- Further counseling about the meaning of screen positive results. A positive screen does not diagnose a disorder but indicates increased risk.
- Offering definitive diagnostic testing, preferably via CVS or amniocentesis. These directly analyze fetal cells to confirm or rule out chromosomal abnormalities with 99% accuracy.
- Reviewing further options after diagnostic testing confirms a diagnosis:
- Continuing with pregnancy and planning care for delivery and baby
- Meeting with specialists like genetic counselors
- Considering pregnancy termination options and laws in your state
- Repeating multiple marker screening for ongoing risk assessment later in pregnancy. Levels and risk scores can change over time.
- Following up on other concerns such as neural tube defects with detailed ultrasound.
The decision about how to proceed with a high-risk pregnancy is a very personal one. Take time to consider all options and get professional medical advice.
Current Recommendations for Prenatal Screening
Professional groups like ACOG now advise different approaches over traditional double marker screening for prenatal risk assessment:
Cell-Free DNA Screening
Cell-free DNA (cfDNA) testing is the top recommended choice for first-line prenatal screening today. Also called non-invasive prenatal testing (NIPT), it involves a simple blood draw from the mother. Cell-free fetal DNA circulates in maternal blood and is screened for chromosomal abnormalities.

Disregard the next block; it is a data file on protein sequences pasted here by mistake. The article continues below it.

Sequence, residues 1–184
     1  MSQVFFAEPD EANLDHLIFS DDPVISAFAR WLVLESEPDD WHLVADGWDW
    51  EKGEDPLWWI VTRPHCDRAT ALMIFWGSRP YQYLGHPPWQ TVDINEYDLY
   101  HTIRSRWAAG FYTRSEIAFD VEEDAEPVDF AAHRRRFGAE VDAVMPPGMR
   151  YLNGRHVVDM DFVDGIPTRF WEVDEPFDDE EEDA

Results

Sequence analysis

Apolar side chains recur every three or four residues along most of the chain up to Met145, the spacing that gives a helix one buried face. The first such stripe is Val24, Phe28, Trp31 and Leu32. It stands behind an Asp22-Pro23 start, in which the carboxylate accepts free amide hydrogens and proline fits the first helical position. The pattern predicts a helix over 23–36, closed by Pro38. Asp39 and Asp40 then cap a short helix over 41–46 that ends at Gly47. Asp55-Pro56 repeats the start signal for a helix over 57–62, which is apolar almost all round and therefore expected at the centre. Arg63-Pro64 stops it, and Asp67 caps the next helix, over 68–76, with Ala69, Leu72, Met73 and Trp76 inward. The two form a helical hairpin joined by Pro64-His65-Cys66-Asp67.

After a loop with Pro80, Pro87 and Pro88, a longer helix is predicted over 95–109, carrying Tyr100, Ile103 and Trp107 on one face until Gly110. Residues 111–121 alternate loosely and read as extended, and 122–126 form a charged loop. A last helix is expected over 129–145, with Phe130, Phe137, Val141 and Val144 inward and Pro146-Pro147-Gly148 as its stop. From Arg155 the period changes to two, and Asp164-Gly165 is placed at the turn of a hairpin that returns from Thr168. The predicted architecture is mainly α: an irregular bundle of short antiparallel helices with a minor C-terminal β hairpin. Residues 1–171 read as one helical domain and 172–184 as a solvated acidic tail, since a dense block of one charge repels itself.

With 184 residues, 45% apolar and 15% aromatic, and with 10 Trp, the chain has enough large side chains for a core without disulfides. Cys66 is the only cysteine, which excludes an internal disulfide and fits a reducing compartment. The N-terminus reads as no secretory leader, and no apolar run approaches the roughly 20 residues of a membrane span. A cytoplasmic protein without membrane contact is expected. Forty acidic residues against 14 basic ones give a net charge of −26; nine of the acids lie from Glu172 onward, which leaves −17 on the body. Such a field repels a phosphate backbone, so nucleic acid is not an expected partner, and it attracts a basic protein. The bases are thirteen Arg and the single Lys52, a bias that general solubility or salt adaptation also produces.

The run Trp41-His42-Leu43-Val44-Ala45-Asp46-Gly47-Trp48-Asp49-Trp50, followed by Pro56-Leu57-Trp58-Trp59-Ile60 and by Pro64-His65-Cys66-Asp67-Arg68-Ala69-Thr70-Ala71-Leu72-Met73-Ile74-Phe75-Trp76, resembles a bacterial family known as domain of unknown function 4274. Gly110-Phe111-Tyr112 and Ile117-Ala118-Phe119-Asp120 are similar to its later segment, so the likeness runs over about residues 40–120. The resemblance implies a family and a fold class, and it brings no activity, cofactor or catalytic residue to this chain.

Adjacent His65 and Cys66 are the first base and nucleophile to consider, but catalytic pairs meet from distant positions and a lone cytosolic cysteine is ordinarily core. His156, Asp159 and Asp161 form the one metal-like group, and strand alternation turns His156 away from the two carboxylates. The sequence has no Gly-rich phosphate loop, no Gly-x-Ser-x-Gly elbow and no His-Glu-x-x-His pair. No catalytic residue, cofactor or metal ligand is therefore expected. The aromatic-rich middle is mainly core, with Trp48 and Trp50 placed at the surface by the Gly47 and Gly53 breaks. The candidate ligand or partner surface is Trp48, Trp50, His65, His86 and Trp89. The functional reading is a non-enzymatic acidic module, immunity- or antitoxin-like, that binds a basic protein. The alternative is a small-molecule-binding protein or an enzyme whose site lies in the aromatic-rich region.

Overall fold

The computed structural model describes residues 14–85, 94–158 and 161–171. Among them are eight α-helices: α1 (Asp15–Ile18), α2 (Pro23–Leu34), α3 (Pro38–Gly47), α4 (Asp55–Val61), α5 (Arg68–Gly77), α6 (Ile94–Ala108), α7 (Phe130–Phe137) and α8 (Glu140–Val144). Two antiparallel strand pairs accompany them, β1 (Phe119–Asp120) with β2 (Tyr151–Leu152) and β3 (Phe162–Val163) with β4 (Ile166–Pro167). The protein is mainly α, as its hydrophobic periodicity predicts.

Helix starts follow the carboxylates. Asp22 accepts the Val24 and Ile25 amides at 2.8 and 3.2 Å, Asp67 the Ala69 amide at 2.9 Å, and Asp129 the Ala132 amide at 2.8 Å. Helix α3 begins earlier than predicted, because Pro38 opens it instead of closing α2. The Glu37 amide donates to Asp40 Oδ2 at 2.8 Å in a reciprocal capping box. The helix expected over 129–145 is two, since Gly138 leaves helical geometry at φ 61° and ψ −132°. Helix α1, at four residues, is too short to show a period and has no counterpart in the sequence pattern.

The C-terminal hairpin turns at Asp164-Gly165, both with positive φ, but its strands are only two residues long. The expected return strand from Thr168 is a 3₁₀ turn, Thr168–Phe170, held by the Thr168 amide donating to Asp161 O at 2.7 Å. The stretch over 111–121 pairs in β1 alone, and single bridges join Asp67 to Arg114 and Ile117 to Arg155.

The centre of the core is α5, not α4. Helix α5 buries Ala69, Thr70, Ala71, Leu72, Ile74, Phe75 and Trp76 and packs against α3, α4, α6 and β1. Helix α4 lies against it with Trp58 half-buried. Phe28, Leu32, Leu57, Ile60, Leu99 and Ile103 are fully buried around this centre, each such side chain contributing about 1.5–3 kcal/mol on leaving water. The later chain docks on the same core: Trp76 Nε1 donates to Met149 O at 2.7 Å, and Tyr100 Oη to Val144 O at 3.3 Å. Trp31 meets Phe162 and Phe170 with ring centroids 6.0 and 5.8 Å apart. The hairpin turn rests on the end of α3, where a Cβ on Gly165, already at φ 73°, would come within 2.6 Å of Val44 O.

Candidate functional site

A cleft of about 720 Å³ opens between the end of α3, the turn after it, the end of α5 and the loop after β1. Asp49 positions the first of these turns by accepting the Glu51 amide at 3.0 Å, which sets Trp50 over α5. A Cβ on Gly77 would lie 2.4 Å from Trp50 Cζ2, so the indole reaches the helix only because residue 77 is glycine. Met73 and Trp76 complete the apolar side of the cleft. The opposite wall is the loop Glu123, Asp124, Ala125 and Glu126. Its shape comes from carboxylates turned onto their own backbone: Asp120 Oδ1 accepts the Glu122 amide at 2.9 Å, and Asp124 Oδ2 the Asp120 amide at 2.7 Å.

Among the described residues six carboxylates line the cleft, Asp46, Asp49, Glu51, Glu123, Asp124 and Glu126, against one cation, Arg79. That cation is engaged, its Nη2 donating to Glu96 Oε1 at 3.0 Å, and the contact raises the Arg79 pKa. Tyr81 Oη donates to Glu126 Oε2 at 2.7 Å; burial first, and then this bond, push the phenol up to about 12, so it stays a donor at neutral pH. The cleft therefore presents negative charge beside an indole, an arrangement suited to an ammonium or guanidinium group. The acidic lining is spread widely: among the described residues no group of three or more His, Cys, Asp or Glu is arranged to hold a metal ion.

Advantages of cfDNA screening:
- Safe – no miscarriage risk like amniocentesis
- Highly accurate – detects over 99% of Down syndrome cases
- Detects trisomies 21, 18 and 13 along with sex chromosomes
- Available from 10 weeks gestation
- Low false positive rate of <1% compared to 5% for marker screening
ACOG recommends offering cfDNA screening to all women, regardless of age or risk factors. It replaces the need for double marker testing for most patients.
First Trimester Screening
This screening is done between weeks 11-14 and combines:
- Nuchal translucency ultrasound to measure the fluid at the back of the fetus’s neck
- Blood tests for free beta-hCG and PAPP-A
It provides an 85% Down syndrome detection rate. This is lower than cfDNA testing but still much higher than double screening alone. It remains an option for women who desire screening earlier in pregnancy but wish to avoid the cost of cfDNA testing.
This combines first and second trimester screening for a more accurate assessment. It involves:
- First trimester screening via the NT ultrasound and blood work
- Second trimester quadruple marker blood testing